Naanovo set to return in renewable energy

Nearly five years after ceasing its first waste-to-energy complex project in the central province of Thanh Hoa, Naanovo Energy Inc. is eager to establish a subsidiary in Vietnam to reconceptualise their new projects around the country.
naanovo set to return in renewable energy
Naanovo is concentrating on advanced waste-to-energy solutions

As a global energy company with roots in Canada, Naanovo’s strength lies in its waste-to-energy (WTE) and concentrated solar power (CSP) solutions that are hot issues in Vietnam these days.

Chairman, president, and CEO of Naanovo Steven J.R. Brant shared with VIR, “Our intention is to establish a subsidiary in Vietnam to develop several WTE projects which have already been identified and are presently in the planning stage in places like Thanh Hoa, Ho Chi Minh City, Quang Nam, and Phu Yen.”

Once established, and after these initial projects are underway, the Vietnamese subsidiary will expand its focus to include solar power. Initially, the emphasis will be on photovoltaic solar power as it is the most economical and can be delivered quickly at a large scale. However, CSP has several advantages in being able to store solar energy and shift power production to peak hours when it is needed most.

According to Brant, Naanovo’s hybrid WTE solutions are unique and advanced. They combine Naanovo’s proprietary WTE/Maax and BioMaax systems and were conceived in Vietnam to address the low heat value of municipal solid waste (MSW) that is typically found throughout Vietnam and ASEAN.

He added that unlike in most areas in North America and Europe where average caloric values of MSW are high (upwards of 10,000 kJ per kg), the average caloric value of MSW produced in Vietnam is very low (less than 6,000 kJ per kg). This is because the average MSW in Vietnam has very high moisture content (more than 65 per cent). This is due primarily to the fact that high-moisture organic waste fractions, consisting mainly of food scraps and garden waste, represents 60-70 per cent of the makeup of MSW in Vietnam.

The more moisture found in MSW, the lower its caloric value. The lower the caloric value, the lower the heat that can be produced in the combustion process. Since WTE/Maax combusts MSW to produce heat and steam to drive two sets of turbines and generators, the less heat there is available, the less power the system can generate.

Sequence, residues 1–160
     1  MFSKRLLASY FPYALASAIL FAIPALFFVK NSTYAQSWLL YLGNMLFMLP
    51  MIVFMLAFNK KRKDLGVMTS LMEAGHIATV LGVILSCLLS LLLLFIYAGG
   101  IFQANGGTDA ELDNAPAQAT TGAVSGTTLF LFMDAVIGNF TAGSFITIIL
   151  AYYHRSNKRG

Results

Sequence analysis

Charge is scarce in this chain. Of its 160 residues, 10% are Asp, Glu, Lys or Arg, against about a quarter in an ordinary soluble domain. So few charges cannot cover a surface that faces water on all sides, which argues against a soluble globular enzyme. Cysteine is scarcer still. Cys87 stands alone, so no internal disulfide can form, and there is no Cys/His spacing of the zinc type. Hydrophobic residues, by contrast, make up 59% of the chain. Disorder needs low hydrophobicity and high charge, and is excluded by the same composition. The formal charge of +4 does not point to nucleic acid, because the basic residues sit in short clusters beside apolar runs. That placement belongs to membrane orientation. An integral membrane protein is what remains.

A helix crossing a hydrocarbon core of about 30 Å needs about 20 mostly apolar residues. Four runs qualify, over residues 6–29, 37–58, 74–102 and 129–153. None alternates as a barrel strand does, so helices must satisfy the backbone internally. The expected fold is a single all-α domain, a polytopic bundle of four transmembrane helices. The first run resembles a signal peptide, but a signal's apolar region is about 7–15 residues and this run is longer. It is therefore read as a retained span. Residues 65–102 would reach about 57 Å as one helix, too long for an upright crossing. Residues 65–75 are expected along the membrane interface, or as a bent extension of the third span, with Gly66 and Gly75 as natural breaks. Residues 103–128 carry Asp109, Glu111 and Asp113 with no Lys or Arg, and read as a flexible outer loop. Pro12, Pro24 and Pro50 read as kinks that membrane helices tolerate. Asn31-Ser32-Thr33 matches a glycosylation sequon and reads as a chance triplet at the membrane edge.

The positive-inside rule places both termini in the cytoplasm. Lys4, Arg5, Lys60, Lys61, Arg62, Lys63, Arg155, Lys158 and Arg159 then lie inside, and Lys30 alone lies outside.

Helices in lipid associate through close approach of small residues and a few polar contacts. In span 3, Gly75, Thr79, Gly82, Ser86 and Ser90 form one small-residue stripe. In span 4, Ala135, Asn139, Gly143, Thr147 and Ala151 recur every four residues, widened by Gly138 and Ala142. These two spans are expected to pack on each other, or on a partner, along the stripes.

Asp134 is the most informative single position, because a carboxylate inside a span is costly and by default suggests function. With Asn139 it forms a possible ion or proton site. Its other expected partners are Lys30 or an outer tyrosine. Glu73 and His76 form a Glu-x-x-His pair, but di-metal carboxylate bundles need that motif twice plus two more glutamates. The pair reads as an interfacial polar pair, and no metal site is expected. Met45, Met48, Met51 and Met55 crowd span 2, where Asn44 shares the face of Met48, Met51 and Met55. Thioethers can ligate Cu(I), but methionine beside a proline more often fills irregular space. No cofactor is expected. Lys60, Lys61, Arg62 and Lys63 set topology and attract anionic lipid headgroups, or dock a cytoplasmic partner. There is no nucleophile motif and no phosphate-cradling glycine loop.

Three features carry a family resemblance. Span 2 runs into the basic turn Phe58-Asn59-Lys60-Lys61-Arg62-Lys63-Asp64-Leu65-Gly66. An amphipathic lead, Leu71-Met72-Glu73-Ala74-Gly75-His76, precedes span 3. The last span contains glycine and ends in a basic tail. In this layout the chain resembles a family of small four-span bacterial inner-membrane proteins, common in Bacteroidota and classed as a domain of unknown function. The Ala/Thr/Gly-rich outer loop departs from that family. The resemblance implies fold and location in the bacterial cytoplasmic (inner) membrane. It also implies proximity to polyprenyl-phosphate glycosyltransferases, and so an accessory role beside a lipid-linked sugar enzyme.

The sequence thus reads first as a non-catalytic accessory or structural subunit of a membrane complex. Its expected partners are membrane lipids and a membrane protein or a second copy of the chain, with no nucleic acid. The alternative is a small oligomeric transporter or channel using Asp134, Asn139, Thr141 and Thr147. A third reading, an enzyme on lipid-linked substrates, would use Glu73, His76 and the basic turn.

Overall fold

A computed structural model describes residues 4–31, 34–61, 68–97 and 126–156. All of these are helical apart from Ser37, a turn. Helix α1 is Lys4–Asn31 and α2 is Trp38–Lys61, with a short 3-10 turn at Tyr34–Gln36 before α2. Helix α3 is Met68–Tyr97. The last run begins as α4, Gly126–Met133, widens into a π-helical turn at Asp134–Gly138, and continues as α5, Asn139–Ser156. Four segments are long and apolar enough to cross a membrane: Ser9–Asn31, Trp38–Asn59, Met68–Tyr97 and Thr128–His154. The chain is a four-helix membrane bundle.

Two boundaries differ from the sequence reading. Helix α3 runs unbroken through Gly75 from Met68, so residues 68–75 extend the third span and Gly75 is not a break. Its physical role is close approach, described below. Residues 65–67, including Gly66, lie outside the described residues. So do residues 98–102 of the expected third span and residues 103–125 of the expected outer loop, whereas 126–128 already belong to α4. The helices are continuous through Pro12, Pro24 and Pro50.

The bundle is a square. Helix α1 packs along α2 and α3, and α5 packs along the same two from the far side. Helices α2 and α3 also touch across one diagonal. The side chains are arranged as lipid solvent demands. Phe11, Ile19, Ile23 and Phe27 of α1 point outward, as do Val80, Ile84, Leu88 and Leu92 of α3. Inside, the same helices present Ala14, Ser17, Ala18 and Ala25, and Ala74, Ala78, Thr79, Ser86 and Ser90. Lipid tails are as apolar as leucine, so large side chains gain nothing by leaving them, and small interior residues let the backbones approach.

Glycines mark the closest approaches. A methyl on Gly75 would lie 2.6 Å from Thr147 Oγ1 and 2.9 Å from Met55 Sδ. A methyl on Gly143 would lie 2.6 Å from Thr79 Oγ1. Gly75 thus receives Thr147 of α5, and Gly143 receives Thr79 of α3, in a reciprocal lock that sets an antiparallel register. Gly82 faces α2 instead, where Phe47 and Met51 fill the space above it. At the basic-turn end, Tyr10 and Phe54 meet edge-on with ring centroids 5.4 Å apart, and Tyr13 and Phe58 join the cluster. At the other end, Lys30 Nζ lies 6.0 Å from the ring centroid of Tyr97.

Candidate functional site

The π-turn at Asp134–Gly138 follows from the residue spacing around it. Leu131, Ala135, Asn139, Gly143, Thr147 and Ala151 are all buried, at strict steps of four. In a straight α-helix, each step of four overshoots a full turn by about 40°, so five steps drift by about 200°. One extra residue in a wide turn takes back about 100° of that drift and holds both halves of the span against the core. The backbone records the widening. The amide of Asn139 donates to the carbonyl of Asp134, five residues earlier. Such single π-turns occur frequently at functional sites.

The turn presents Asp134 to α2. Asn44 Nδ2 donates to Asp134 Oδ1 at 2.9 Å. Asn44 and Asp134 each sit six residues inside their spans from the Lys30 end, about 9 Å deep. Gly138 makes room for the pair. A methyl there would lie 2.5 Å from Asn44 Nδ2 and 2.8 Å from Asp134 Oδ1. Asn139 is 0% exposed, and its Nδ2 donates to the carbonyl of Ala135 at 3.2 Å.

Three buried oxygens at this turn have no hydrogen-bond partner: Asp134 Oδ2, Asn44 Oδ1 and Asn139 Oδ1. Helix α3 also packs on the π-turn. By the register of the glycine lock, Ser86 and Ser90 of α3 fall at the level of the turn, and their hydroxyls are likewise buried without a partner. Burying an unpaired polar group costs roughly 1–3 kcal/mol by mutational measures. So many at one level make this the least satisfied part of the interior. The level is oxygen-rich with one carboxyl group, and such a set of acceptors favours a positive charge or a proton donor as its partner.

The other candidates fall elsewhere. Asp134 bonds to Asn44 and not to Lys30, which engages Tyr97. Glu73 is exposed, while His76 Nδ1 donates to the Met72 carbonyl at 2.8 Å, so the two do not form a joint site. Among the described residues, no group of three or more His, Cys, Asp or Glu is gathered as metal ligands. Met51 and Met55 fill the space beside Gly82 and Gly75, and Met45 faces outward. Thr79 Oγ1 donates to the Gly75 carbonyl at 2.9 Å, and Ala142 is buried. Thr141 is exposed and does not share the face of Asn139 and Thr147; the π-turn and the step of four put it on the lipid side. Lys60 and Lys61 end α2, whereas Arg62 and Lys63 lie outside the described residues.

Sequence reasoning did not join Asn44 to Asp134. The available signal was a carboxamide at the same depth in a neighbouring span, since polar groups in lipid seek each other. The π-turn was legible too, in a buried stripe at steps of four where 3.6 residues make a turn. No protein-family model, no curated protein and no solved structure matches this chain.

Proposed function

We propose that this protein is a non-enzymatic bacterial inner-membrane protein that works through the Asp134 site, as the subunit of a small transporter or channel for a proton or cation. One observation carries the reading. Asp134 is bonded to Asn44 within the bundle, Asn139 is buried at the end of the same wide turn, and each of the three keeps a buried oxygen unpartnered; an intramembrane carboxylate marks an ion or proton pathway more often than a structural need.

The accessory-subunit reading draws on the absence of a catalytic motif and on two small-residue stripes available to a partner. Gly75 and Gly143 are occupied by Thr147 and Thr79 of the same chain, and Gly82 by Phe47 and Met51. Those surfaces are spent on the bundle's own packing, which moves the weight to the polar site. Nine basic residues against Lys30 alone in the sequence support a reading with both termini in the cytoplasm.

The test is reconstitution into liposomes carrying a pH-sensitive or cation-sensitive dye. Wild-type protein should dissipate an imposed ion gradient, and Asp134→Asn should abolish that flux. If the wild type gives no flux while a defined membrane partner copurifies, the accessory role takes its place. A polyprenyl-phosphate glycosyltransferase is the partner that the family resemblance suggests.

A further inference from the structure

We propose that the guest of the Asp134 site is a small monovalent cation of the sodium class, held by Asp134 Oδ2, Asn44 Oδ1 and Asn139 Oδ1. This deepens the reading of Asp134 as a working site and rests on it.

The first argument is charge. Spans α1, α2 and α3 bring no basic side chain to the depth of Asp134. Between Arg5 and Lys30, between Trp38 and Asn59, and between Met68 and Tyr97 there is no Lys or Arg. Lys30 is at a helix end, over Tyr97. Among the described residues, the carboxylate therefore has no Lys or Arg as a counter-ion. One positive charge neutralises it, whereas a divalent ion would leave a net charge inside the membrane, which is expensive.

To address this issue, Naanovo decided on separating the organic waste from the MSW and sending it to a separate disposal process using anaerobic digesters, which would raise the caloric value of the remaining waste fractions (plastic, paper, wood, rubber, and textiles, among others), thus allowing more heat to be produced in the combustion process, resulting in more electricity production.

The anaerobic digesters used to process the organic waste fractions can produce large quantities of biogas that is then used to fuel powerful generator sets to produce additional quantities of electricity. The residual material left over from the combustion process (ash) and anaerobic digestion process (digestate) can be further processed into marketable by-products, such as cinder blocks and bio-fertilisers.

Another important by-product of WTE/Maax plants is the large quantities of potable water produced through distillation in the plant’s cooling process. In addition to tipping fees charged to municipalities to process and dispose of the MSW and revenues generated from power sales, revenues generated from the sale of the by-products will help to cover the cost of the hybrid WTE/Maax system and BioMaax system and other required subsystems and generate a reasonable return to investors.

However, Naanovo’s WTE project is facing various obstacles. Brant stressed that besides the most recent pandemic delays, there were several issues that had prevented them from commencing the projects in Vietnam. They are mostly related to financing with the low tipping fees and low rates in the power purchase agreement in Vietnam. The project’s high cost and narrow margins did not present enough value for investors to mitigate Vietnam’s high country-risk.

“Fortunately, since then, the economy has improved and Naanovo has been working closely with a Canadian humanitarian funding group to secure funds for our projects in Vietnam. Recently, letters of intent for financing, which include indicative term sheets, have been obtained for the Thanh Hoa WTE project and seven others in Vietnam, totalling $1.22 billion,” said Brant.

Assuming COVID-19 is brought under control soon and travel restrictions are lifted, Naanovo will be moving quickly to commence construction on the projects in Thanh Hoa, Ho Chi Minh City, Quang Nam, and Phu Yen, to be followed shortly thereafter by the commencement of the four remaining projects identified for Vietnam. Notwithstanding, the uncertainty of when the pandemic will end and how quickly the supply chain can respond, it is anticipated that construction will commence on these priority projects in the first quarter of 2021.

By Nhat Ha

Nguồn: Vietnam Investment Review

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